Widowhood Effect in the Elderly

The simple act of connecting with an elderly family member can make a profound difference to their life

Zahid visited his grandmother Sara’s grave to offer prayers. While in the graveyard, two tombstones caught his attention—one belonged to a husband and the other to his wife, resting side by side. The sight of delicate flowers adorning the burial site left an impression on him. Interestingly, the husband had passed away three years after his wife, with the date and month of their deaths coinciding.

Upon returning home, Zahid found himself pondering a series of questions. It was the first time he looked at his ailing grandfather, Abdul Ahad, with empathy and concern. Abdul Ahad, a retired private school principal, had seemingly been pushed to the periphery in his own home. Since his spouse’s passing, his son Ayub and daughter-in-law Rehana had failed to treat him with the honour and dignity he deserved. For Abdul Ahad, solace came in the form of an old radio set and the daily newspaper. However, Rehana abruptly cancelled the newspaper subscription, and when Abdul Ahad questioned this decision, he was met with hostility. Rehana berated him, accusing him of turning their house into a garbage bin. Ayub restricted his father’s freedom, citing health concerns, and rarely interacted with him kindly. Instead, he often spoke to him rudely and used him as an outlet for his frustrations. Rehana eavesdropped on Abdul Ahad’s phone conversations with relatives, further isolating him. One day, Abdul Ahad asked his nephew to take him to an eye hospital, as Ayub was busy with work commitments. Rehana conveyed this request to Ayub with a negative twist. In response, Ayub and Rehana confronted Abdul Ahad, subjecting him to their pent-up frustrations. The old man remained stoic, begging for forgiveness and even touching his son’s feet as a sign of humility. They confiscated his mobile phone, monitored his every move with suspicion, and made him the target of their frustrations.

Meanwhile, Zahid’s class teacher assigned him the task of writing about the “Pearls of wisdom based on the experiences of grandparents.” Zahid seized the opportunity to engage in meaningful conversations with his grandfather, Abdul Ahad, after a long hiatus. In these informal discussions, Abdul Ahad found a genuine companion in his grandson, and he shared his feelings without reservation. With tearful eyes, he revealed to Zahid how devastating the loss of his wife, Sara, had been.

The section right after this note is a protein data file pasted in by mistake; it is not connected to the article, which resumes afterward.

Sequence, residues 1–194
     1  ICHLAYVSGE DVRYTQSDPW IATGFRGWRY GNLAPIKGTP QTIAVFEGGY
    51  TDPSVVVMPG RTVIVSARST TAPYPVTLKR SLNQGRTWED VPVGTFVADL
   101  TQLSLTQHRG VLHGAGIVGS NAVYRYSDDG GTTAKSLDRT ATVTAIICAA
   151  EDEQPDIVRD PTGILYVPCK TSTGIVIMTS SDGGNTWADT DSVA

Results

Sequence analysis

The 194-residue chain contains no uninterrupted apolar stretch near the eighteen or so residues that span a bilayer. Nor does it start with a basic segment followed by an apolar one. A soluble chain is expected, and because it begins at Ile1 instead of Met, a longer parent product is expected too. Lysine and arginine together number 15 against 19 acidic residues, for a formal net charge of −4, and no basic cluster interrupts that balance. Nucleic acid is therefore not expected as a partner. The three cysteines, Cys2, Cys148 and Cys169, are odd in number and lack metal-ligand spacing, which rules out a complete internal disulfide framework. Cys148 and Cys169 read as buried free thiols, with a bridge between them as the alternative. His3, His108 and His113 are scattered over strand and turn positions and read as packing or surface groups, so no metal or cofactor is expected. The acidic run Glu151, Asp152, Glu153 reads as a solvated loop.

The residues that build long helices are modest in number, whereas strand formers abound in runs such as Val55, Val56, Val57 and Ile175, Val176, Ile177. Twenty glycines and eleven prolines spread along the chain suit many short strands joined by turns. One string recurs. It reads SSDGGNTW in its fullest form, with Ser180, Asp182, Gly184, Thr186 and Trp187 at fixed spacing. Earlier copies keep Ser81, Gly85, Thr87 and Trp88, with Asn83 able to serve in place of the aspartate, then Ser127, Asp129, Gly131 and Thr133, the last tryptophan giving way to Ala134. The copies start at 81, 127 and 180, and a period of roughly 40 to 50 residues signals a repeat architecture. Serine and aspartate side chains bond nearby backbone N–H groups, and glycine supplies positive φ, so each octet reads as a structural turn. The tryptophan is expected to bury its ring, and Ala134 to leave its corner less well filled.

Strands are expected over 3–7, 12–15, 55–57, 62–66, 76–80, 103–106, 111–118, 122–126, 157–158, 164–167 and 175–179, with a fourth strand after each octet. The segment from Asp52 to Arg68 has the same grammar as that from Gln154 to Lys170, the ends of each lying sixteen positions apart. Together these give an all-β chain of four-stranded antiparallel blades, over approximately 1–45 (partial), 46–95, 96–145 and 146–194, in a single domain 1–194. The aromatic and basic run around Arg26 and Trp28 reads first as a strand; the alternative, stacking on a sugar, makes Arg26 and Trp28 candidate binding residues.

Overwhelmed by grief, Abdul Ahad had neglected his own well-being. Self-care, sleep, meals, and medication had all become challenging. There was no one to patiently listen to his repeated stories or to greet him with a smile, as his beloved wife had done for 55 years. Abdul Ahad cherished the memories of their togetherness, often spending midnight hours looking at family photographs, silently shedding tears.

The simple act of connecting with an elderly family member can make a profound difference in their life. Over time, Zahid developed deep empathy for his grandfather, fulfilling his small needs—such as buying the morning newspaper—and offering medical assistance. Zahid also spent quality time with him, defending him when others remained passive. Abdul Ahad, once accustomed to daily shaving, had been told by Rehana that growing a beard was more suitable for his age. Zahid encouraged his grandfather to embrace his youthful spirit, resumed his daily shaving routine, and encouraged him to wear his preferred clothing. Together, they enjoyed daily walks in a nearby park, rekindling Abdul Ahad’s zest for life. The death of a loved one is always a profound loss, but losing a spouse after many years of companionship can be particularly challenging.